Every class has a student who makes teaching especially challenging, with relentless disruption to classroom activities.
Need I introduce myself better that this?
Sarita Miss, my class teacher, therefore planned an ingenious strategy to restrain me during an excursion to the National Arts Gallery. She separated me from my cronies and drafted me into an all-girls team comprising of Sonal, Sonali, Srivalli, Sreeparna, Seema and Sanchari.
The S-crew, as they were popularly called weren’t so cringeworthy after all. From the past lunchbox heists, I knew that Sonal’s tiffin would be a gourmet’s dream and Sreeparna usually brought biriyani, but she would eat only the rice and potatoes in it while I could scavenge on the meat. I planned to steal some new jokes from Sanchari, while the nerdy Seema could be coaxed to write my assignments. Sonali loved to be all over the place, doing basically nothing and Srivalli did everything to showcase her General Knowledge.
After waiting for an eternity in the queue, I wandered away listlessly to the big fountain facing the porch of the Art Gallery. Relishing the cold misty spray from the fountain, I tore a page from my notebook and made a paper boat. All too soon, I sensed a cartilage break as Sarita Miss dragged me back by my ear just before my boat’s voyage began.
Inside the exhibition hall, we were provided with Audio assist headsets that automatically narrated the description of the painting exhibit near us. The background sounds added a tinge of real-life feel to it.
We stopped at a painting called “The Island of the Dolls” by one Anuradha. The narrator described this as an artistic representation of “Illusionistic Realism”, and a form of painting that transported the viewer to the scenery by its sheer captivating depiction.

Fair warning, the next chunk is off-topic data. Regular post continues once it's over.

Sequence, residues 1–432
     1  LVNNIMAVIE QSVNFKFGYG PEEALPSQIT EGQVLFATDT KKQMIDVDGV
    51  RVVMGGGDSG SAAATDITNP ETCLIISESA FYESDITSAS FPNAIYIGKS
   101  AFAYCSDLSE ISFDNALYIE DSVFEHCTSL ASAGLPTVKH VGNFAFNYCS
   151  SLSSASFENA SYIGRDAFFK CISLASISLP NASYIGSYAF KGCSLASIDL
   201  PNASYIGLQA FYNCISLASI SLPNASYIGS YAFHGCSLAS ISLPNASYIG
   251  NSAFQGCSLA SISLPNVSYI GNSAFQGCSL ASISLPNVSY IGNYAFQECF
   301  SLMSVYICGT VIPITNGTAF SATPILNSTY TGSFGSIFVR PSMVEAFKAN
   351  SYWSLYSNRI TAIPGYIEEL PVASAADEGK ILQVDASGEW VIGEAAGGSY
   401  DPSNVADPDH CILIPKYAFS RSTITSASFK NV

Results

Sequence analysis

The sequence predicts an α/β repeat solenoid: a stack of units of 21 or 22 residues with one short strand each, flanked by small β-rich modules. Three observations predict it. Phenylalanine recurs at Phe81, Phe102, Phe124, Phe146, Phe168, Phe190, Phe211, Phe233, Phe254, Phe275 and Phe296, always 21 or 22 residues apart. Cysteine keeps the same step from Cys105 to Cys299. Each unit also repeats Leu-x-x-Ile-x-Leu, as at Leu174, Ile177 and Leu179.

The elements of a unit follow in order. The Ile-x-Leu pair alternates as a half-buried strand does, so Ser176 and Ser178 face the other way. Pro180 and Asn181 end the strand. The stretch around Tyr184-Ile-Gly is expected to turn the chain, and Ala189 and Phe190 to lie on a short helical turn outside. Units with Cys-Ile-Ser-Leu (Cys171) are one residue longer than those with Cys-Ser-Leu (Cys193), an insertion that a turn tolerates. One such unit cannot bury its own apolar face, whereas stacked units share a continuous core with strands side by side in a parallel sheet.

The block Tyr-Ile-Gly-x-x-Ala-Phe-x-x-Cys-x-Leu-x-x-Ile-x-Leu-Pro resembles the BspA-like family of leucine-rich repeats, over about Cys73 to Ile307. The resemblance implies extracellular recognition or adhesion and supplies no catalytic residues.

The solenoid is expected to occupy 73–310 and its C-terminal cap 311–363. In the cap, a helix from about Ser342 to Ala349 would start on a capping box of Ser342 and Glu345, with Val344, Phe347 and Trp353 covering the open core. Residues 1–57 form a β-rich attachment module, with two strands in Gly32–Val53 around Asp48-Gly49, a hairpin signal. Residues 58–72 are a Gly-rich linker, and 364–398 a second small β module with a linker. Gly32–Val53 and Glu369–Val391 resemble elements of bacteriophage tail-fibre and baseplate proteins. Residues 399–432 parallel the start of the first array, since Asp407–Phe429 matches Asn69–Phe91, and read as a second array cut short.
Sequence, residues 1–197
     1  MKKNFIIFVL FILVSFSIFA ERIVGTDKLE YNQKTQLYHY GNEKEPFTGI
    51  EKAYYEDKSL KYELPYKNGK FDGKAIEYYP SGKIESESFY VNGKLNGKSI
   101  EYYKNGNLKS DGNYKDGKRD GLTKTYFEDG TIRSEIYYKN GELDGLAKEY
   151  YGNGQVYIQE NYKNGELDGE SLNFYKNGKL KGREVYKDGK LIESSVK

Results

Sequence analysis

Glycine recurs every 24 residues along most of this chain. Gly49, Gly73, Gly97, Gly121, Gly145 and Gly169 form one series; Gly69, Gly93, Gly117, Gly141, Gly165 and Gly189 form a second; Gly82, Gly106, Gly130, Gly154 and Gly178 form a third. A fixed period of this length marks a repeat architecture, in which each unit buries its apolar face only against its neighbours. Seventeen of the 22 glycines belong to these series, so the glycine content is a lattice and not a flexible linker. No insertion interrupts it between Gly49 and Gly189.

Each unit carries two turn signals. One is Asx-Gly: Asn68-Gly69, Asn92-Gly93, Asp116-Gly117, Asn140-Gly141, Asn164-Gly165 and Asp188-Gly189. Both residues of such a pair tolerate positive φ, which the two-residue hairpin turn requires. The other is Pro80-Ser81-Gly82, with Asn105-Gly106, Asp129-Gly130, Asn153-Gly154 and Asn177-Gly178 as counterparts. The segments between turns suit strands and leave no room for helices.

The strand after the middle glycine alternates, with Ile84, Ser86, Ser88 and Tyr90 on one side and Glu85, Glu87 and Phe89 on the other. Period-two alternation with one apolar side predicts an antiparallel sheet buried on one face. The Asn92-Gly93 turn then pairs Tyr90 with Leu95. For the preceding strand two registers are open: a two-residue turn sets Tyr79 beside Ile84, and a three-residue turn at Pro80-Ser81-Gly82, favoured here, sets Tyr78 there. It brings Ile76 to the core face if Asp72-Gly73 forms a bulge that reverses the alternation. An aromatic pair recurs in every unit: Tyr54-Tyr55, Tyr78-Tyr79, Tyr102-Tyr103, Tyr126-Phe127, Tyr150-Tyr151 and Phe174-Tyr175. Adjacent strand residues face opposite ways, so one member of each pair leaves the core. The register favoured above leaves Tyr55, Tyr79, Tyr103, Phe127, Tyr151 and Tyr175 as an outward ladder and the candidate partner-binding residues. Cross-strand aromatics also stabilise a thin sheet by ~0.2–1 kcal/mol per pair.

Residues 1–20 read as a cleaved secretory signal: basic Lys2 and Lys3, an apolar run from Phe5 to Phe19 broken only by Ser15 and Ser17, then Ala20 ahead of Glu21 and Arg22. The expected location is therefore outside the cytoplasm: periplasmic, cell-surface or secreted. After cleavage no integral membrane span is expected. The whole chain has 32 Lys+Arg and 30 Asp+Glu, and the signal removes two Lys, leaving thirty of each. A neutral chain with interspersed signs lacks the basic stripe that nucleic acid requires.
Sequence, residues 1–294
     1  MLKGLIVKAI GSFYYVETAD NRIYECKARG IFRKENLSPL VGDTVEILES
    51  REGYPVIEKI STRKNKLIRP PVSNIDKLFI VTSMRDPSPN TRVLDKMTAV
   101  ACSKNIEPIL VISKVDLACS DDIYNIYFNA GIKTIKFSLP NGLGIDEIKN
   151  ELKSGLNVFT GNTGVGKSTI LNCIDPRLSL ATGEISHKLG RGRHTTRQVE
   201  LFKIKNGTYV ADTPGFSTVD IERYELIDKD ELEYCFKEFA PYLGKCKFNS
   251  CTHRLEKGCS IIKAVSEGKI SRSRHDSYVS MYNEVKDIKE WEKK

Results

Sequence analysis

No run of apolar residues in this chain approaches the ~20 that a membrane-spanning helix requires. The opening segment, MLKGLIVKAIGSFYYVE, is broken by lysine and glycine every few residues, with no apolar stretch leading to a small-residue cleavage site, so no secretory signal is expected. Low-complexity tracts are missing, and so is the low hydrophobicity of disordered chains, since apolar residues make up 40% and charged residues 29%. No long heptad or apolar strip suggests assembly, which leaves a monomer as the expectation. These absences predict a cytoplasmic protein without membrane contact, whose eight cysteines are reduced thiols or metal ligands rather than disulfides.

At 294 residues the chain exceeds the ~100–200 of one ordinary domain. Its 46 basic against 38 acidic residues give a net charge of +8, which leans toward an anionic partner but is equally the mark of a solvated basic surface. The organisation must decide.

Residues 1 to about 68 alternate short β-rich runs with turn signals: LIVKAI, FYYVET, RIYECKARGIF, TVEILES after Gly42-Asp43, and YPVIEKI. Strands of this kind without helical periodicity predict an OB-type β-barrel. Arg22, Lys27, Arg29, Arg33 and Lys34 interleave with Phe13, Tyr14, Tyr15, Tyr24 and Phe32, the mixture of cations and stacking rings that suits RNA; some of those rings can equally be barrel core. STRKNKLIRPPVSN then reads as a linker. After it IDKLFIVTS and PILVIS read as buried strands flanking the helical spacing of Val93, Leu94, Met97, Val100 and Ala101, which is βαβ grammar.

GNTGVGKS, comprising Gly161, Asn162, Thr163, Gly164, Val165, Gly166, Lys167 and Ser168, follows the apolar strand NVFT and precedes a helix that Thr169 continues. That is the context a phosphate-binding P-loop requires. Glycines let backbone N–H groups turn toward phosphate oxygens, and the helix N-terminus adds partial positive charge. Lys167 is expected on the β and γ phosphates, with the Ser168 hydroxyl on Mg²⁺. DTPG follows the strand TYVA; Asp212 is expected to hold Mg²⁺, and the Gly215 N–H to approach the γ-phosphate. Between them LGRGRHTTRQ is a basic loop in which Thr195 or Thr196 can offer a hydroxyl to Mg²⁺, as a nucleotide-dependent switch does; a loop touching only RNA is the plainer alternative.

We were deep inside the woods of Xochimilco. Srivalli bragged that the nearest civilization was miles away in Mexico City. Landlocked among the dense flora were green ponds covered with water lilies. Yet something about the kiss of falling leaves and the knobby roots underfoot seemed uncanny.
Suddenly, we were greeted by the eerie sight of dolls hanging on several tree trunks. Most of the trees on which dolls were strung had a date and some alphabets carved in the native language. However, we found one mentioned “RIP” and knew what it implied. While the forest itself had a scary presence, the hanging dolls represented some form of death, and this jolted us. We hastily retreated and moved in the direction of our school bus.
It was then we heard Sonali shrieking and pointing at a doll, that had turned, grinned freakishly and dropped down from the tree trunk. The other dolls followed suit. We ran for our lives and in the process lost each other. I failed to notice the water lily covered pond in my flight to safety.
All I could hear was Sarita Miss yelling at me“Mithru, you nincompoop!” while the security guards hauled me out of the fountain.
- The Island of the Dolls, (La Isla de las Muñecas), is located in the channels of Xochimilco, south of the center of Mexico City
- The Island of the Dolls, originally owned by Don Julián Santana, is full of dolls hanging from trees and buildings covered with cobwebs and insects.
- According to legend, a young woman drowned entangled among the lilies of the canal and her body was found on the banks of the Santampa chinampas. Don Julián began to experience inexplicable situations so, terrified, he placed dolls that he found in the garbage or in the canals of Cuemanco with the idea that they would scare the soul of the young woman who would cry out “I want my doll”. He also found a doll floating nearby and, assuming it belonged to the deceased girl, hung it from a tree as a sign of respect
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This is an entry for Five00-9, #Vintage. Find all the entries here: https://writers.artoonsinn.com/category/five00/five00-9/
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